What is Bioinformatics?
Modern genomic analysis creates large volumes of data which is impossible for humans to analyse manually. At AWMGS the bioinformatics team uses a range of open source and in house software to process raw genomic data into more human readable formats. Once the data has been processed by our software clinical scientists can then interpret the results and generate the patient reports. The type of software used to process and analyse the data depends on the sample type. For example different software is required for samples from patients with inherited disease and those from cancer patients.
Bioinformatics at AWMGL
Within AWMGS the bioinformatics team develops and maintains the high quality computer software which underpins the laboratories diagnostic and research roles. The bioinformatics team has a range of skills in software development, data analysis, database design, web development, data science, machine learning and statistics. The team applies these skills to develop new tests, automate laboratory processes and ensure high quality patient results. The role of the team is expanding and the team is increasingly involved in other areas such as IT Infrastructure, training and quality control.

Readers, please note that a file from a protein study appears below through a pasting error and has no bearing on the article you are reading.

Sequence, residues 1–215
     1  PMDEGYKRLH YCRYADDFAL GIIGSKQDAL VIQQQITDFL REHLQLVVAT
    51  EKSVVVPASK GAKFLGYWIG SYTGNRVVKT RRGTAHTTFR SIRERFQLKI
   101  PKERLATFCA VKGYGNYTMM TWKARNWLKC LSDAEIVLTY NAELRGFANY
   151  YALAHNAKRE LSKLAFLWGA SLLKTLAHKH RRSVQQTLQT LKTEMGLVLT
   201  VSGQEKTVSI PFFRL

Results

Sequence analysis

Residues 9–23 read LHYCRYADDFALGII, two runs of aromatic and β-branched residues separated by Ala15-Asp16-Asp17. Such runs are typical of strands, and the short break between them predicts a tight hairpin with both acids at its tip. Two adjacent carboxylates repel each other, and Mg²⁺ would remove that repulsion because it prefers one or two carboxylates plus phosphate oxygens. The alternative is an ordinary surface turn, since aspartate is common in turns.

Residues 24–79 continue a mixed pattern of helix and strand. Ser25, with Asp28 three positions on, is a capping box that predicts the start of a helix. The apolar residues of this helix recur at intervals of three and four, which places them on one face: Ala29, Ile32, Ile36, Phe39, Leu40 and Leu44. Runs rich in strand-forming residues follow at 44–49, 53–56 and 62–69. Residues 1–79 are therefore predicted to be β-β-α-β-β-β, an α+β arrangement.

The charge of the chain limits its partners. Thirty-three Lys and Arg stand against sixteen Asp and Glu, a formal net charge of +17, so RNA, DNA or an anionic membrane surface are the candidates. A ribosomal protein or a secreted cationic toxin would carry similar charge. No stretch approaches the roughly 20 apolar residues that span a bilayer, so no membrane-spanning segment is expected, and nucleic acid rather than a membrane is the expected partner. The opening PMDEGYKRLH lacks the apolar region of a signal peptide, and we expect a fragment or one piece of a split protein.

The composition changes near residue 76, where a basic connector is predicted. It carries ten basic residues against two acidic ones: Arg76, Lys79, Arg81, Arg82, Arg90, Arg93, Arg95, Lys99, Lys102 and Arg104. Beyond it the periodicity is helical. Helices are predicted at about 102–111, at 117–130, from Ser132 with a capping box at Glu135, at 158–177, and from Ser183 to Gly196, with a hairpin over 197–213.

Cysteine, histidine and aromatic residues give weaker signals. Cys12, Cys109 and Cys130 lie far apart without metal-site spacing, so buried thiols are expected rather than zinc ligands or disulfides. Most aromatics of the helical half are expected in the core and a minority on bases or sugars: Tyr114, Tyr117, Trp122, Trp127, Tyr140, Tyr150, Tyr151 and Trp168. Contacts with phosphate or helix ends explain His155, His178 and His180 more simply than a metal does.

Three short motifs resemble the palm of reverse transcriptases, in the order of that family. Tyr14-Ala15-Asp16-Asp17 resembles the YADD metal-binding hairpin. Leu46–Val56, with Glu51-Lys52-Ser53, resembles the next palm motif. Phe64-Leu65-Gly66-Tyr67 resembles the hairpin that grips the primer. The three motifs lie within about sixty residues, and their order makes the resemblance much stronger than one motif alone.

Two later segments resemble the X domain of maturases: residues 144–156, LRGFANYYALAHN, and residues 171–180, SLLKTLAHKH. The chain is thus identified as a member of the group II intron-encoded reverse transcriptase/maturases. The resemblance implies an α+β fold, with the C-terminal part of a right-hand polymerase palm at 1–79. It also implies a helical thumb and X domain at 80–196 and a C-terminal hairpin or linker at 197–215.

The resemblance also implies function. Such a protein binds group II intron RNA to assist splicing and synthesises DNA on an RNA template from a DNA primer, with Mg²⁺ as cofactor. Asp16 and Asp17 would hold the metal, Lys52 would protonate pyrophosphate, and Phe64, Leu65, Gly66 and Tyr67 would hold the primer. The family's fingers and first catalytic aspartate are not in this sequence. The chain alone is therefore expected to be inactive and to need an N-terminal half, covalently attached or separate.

Some examples of recent successes includes:
- The recently developed and validated PanCancer pipeline, which can detect multiple different types of mutations in cancer samples and which aids the diagnosis and treatment of patients.
- A new web application and database to aid the interpretation of genetic variants. The software system provides support to clinical scientists analysing variants using the widely used ACMG guidelines and stores the results in an easily accessible way.
The bioinformatics team develops software to process data from the laboratory’s Miseq, Hiseq, Nextseq and Novaseq instruments. Our bioinformatics software runs on a dedicated High Performance Computer (HPC) system to ensure that the data is processed rapidly. The team now supports the recently purchased DRAGEN platform which allows large amounts of genomic data to be processed much more rapidly than on a traditional computing system.